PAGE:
Today I attended a rather interesting lecture by autism researcher Nancy Minshew. Dr. Minshew is a professor of psychiatry and neurology at the University of Pittsburgh and is one of the people currently doing research into the neurophysiology of autism. She talked about autism being "synapseopathy". I guess that might mean lack of connections between synapses. Also she talked about autism being a disconnection syndrome, various areas of the brain being disconnected from each other. What, of course, was most interesting about this idea was that she stated that it had implications for someday making good interventions a reality for autistic people. She stated that one of the most interesting questions to her about autism was the heterogeneity between autistic persons. She used the book about social skills co-written by Temple Grandin and Sean Barron as an example of this phenomena. She read the blurbs on the flap of the book, one from Grandin and one from Barron. She contrasted the differences between these two persons with autism. Temple had no emotion in her blurb, just approached social situations logically, whereas Sean was the opposite.
She discussed the fact since autism seemed to result in a problem of migration of neurons to various places during fetal development that this suggested that the mercury/vaccines causes autism people were mistaken. She quoted a toxicologist who worked at the CDC who had an autistic son stating that he had studied this and the evidence of toxicological factors and this showed that autism was not caused by anything toxicological. She then gave Paul Offit's book a plug. She also plugged a book that has just come out by someone named Andrew Zimmerman, though I don't remember the name of the book or she never gave it.
One interesting anecdote that she discussed was how rules could override concepts in autistic individuals. She talked of a story about an autistic boy who was an eagle scout trained in first aide who liked to ice skate. One day he went ice skating with his mother and then skated a bit too fast and knocked his mother over who became unconscious. Though the boy was trained in first aide, someone else ended up administering it to her and not her son. After she was administered the first aide and taken to the hospital the boy's mother inquired as to why he had not given her first aide since he was an Eagle scout and had been trained and given a first aide badge. His reply was, "my first aide badge expired".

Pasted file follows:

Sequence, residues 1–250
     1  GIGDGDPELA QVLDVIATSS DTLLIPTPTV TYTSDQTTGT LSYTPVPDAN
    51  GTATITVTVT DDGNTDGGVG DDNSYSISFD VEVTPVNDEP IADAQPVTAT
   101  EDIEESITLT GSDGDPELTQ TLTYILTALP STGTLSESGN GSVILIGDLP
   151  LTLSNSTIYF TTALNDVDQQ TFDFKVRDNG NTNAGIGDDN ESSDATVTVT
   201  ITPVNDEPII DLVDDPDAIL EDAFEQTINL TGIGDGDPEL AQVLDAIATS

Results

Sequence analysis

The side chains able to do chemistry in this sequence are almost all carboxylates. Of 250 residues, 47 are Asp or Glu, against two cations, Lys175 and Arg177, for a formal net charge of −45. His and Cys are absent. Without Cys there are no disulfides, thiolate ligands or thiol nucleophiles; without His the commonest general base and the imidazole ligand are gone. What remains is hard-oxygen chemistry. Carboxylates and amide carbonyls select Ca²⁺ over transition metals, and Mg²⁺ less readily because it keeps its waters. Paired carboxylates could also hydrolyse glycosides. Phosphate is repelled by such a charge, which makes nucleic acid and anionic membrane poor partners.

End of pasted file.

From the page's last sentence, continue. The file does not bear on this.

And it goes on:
She talked about some studies of amygdala-cortical interactions.
One interesting thing that she talked about was functioning in Broca's and Wernicke's areas in autistics versus normal controls. Broca's area is the part of the brain in the frontal lobe that is involved in expressive speech. Persons who have lesions in this area as adults become aphasic and are not able to speak. Wernicke's area is in the temporal lobe of the brain and it involves receptive language or the ability to understand language and adults with lesions in this area have trouble understanding language. Minshew talked about a study in which the autistic group had less activation in Broca's than the normal control group whereas they had more activation in Wernicke's area. These results are consistent with poorer comprehension of complex sentences yet good reading and spelling ability among autistics. What I found most interesting about this study is perhaps this could be the reason that autistics do not always develop expressive speech. Perhaps there is some dysfunction in Broca's area that is analogous to adult aphasics. This would contradict what Eric Courchesne told me years ago when I was his research subject in some MRI scans and event related potential studies. He claimed that studying Broca's area would probably not be fruitful in autistics as developmental lesions were different than adult lesions. When I first asked him about why if autistics have damaged cerebellums they have no obvious motor impairments this was along the lines of his explanation that because the damage to the cerebellum was early enough there were not the same types of motor impairments that took place when an adult had damage to the cerebellum.
I don't remember much more about the lecture but overall a very interesting lecture.